It’s how Polanski manipulates all of these elements that makes the film so stirring and satisfying. It’s the tone he strikes throughout that gives the movie the sort of polish you’d note on steel or, better yet, the blade of a knife. Sometimes, the movie is too evasive for its own good (not unlike this review), but stick with it. The ending, and the restraint with which it’s handled, shows us a master of the medium at work.

Grade: B+

On DVD and Blu-ray disc

UP IN THE AIR, directed by Jason Reitman, written by Reitman and Sheldon Turner, 109 minutes, rated R.

Jason Reitman’s “Up in the Air” is about a man who would prefer to stay up in the air. His name is Ryan Bingham (George Clooney) and his job is to fly around the country, enter gleaming skyscrapers and fire the unsuspecting corporate masses.

Reitman wrote the script with Sheldon Turner, and what they offer is a movie that’s as much a comedy as it is a tragedy — both for Ryan, who has commitment issues, and for all those he fires due to the dire economic climate and the corporate downsizing that goes along with it.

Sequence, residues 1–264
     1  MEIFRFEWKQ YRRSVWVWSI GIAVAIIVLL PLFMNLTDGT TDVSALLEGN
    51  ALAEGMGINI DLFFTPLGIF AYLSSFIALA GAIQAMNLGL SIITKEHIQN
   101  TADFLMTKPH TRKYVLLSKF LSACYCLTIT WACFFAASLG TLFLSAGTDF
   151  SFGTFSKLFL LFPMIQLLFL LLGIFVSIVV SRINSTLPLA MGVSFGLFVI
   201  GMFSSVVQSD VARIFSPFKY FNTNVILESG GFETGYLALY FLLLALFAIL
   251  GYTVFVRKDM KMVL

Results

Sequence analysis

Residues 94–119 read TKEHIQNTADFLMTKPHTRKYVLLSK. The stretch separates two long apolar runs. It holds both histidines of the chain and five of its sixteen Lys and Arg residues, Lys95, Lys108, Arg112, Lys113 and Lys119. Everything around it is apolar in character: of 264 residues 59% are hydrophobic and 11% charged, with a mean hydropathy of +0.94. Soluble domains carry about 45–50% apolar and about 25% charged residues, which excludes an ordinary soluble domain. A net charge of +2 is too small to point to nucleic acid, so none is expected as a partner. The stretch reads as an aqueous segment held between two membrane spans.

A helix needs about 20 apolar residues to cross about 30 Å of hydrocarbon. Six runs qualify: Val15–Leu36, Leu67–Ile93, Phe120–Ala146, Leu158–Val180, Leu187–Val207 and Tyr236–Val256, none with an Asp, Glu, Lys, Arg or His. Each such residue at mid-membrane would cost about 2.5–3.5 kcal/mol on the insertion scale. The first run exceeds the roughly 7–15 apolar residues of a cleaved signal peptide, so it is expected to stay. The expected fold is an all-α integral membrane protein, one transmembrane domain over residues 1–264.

For Ryan, the irony is that he is about to become a victim of downsizing himself when his boss, Craig Gregory (Jason Bateman), decides to take the advice of his latest employee — the young, determined and fiercely pinched Natalie (Anna Kendrick, a Portland native who is wonderful in an Academy Award-nominated performance) — and perform their layoffs via computer.

The idea is this: In order to save Craig’s company a fortune in traveling costs, his staff soon will sit in front of a monitor and a camera while the person about to be laid off will do the same somewhere else in the country.